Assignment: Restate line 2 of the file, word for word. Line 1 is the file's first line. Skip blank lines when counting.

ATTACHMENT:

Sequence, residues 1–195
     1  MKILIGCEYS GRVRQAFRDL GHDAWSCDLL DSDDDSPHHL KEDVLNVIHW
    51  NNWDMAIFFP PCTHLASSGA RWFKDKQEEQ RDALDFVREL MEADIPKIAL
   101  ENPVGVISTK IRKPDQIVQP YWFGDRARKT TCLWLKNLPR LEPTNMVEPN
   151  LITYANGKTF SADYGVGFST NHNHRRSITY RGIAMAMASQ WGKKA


     1  MKILIGCEYS GRVRQAFRDL GHDAWSCDLL DSDDDSPHHL KEDVLNVIHW